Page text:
Let $\{X_t\}_{t \in T}$ be a time series, such that $X \sim F(\theta)$, for some arbitrary distribution $F$. Based on the observed values $\{x_1, x_2, \cdots, x_{t-1}\}$, suppose that I want to predict $x_t$.

What should I do? My suggestion would be: estimate $\theta$, say, by $\hat{\theta}$ (e.g., MLE), $2)$ simulate sufficiently many points from $F(\hat{\theta})$, and $3)$ average values from step "$2)$" in order to obtain $\hat{x}_{t}$.

However, the above procedure has two problems (maybe more): $A)$ I am not accounting for the uncertainty in estimating $\theta$, and $B)$ I am obtaining a "deterministic point prediction", as opposed to a "probabilistic forecast" (in the form of a predictive distribution, which is what I want).

Assuming $X$ is absolutely continuous and, therefore, has a pdf $f_X$, I think I could address item $B)$ by arguing that $f_X(x|\hat{\theta})$ describes the predictive distribution. Is it correct? Even if it is true, I still have the problem described on item $A)$.

Also, under this same framework, how could I predict $\{x_{t+1}, x_{t+2}, \cdots, x_{t + p}\}$ based on the same original data set? In this case, the uncertainty must increase with $t$, right?

I think my question can be summarized by: "under the frequentist framework, how to make 'probabilistic forecasting' appropriately?".


2 Answers 2


Most forecasters silently ignore the uncertainty in parameter estimation, because (a) there are no nice closed form solutions as there are in OLS (using a $t$ distribution instead of a normal, in order to account for the variance of parameter estimates), and (b) to be honest, it often does not really matter all that much.

That said, you could of course try to get a handle on the estimation uncertainty of $\hat{\theta}$ (which, again, is in itself not easy to do in a time series context). Then get hopefully better predictive distributions by simulating many $\hat{\theta}_i$ according to the parameter distribution you assume, then for each $i$, drawing $x_i\sim F(\hat{\theta}_i)$. Then you can hope that the $(x_i)$ describe the true future density better than just a single $F(\hat{\theta})$.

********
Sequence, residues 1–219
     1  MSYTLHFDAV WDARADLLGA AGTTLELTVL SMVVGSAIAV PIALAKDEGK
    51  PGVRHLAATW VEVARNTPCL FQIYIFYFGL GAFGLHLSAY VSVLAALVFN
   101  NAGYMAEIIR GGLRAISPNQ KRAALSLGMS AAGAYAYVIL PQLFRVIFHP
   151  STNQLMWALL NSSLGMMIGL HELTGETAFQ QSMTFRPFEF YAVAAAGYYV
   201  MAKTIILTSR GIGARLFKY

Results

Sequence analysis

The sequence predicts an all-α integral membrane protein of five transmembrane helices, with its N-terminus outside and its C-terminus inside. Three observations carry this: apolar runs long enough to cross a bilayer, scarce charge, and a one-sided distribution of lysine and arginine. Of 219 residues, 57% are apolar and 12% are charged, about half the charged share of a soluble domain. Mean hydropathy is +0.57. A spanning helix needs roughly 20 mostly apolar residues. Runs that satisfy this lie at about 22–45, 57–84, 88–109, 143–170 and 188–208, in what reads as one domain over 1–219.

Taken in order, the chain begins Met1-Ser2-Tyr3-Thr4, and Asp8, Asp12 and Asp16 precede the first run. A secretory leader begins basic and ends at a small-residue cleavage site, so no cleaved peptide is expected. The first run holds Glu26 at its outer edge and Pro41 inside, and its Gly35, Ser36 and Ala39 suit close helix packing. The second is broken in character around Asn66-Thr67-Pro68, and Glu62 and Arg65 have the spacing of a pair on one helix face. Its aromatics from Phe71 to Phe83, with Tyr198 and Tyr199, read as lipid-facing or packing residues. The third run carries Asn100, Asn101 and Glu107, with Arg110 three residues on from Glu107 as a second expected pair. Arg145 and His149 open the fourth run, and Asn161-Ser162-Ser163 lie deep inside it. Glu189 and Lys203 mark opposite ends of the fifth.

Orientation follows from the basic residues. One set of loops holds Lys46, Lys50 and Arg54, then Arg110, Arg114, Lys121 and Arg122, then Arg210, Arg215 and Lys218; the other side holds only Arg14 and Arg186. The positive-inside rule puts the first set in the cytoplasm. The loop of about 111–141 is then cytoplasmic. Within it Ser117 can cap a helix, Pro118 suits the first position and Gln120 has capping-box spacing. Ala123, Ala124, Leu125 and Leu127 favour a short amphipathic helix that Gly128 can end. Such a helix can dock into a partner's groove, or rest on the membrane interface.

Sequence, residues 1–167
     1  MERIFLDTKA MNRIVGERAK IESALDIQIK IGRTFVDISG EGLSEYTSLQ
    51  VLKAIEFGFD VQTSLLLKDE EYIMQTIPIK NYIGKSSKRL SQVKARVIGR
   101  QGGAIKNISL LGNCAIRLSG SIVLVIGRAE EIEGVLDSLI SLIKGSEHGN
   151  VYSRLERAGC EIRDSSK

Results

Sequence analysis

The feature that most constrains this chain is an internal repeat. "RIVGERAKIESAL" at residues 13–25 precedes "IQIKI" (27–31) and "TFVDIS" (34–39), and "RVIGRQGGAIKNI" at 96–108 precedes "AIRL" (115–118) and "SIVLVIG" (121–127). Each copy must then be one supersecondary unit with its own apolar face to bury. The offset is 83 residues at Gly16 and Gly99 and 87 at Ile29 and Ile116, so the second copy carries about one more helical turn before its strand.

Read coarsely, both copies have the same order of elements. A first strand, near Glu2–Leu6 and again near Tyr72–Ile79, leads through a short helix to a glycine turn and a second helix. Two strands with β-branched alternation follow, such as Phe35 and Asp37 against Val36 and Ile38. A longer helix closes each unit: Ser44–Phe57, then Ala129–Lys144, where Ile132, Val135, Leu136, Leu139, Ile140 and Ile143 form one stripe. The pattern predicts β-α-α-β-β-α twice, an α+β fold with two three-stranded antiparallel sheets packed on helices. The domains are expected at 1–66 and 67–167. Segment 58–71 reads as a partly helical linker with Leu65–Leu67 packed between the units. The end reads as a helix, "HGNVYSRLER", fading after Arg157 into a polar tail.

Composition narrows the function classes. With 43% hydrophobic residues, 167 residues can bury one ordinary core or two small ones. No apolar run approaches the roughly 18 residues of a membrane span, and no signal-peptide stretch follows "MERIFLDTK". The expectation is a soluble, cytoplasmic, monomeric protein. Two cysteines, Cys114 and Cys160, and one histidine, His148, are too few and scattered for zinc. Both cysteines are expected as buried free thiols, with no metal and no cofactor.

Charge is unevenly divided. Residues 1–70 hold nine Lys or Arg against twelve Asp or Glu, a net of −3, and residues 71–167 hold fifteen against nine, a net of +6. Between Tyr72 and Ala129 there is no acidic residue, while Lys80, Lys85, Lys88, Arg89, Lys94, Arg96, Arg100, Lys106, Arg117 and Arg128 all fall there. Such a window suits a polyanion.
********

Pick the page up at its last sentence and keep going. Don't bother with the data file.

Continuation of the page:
This can then be iterated to get multi-step-ahead densities. Always assuming, of course, that you get a distributional handle on the corresponding parameter distributions. Any "reasonable" way of doing that should naturally yield larger variances for parameters that are farther out.

Note that usually, there is also uncertainty in just how $\hat{\theta}$ relates to previous observations - in an ARIMA setting, that would be uncertainty about the ARIMA orders. And similarly, assuming that we know the distributional family $F$ may also be a heroic assumption.

  • $\begingroup$ according to the parameter distribution you assume? Do you mean something like a prior? Is that OK to use in a frequentist setting (as the OP specifically asks)? $\endgroup$ Oct 14, 2021 at 5:50
  • $\begingroup$ @RichardHardy: essentially, I am proposing obtaining a predictive distribution $T$ for the parameter $\hat{\theta}$, which could be a posterior, or something frequentist (like the asymptotic distribution of OLS parameter estimates), or something bootstrapped. Then draw multiple $\hat{\theta}_i\sim T$, and for each $\hat{\theta}_i$, draw one $x_i\sim F(\hat{\theta}_i)$. Then the $(x_i)$ should approximate the true unknown future distribution $F(\theta)$, apart from all the caveats. Yes, in my opinion, this should work. $\endgroup$ Oct 14, 2021 at 6:55
  • $\begingroup$ Thanks for the clarification! I agree it should work even if it may not be quite kosher from the frequentist perspective (reference to the asymptotic distribution of OLS sounds more fiducial than frequentist to me, to say nothing about a posterior.) $\endgroup$ Oct 14, 2021 at 7:08

The principle of confidence intervals can be turned into a confidence distribution or fiducial distribution.

In the same way, you could turn prediction intervals into a prediction distribution.


Your Answer

By clicking “Post Your Answer”, you agree to our terms of service and acknowledge that you have read and understand our privacy policy and code of conduct.

Not the answer you're looking for? Browse other questions tagged or ask your own question.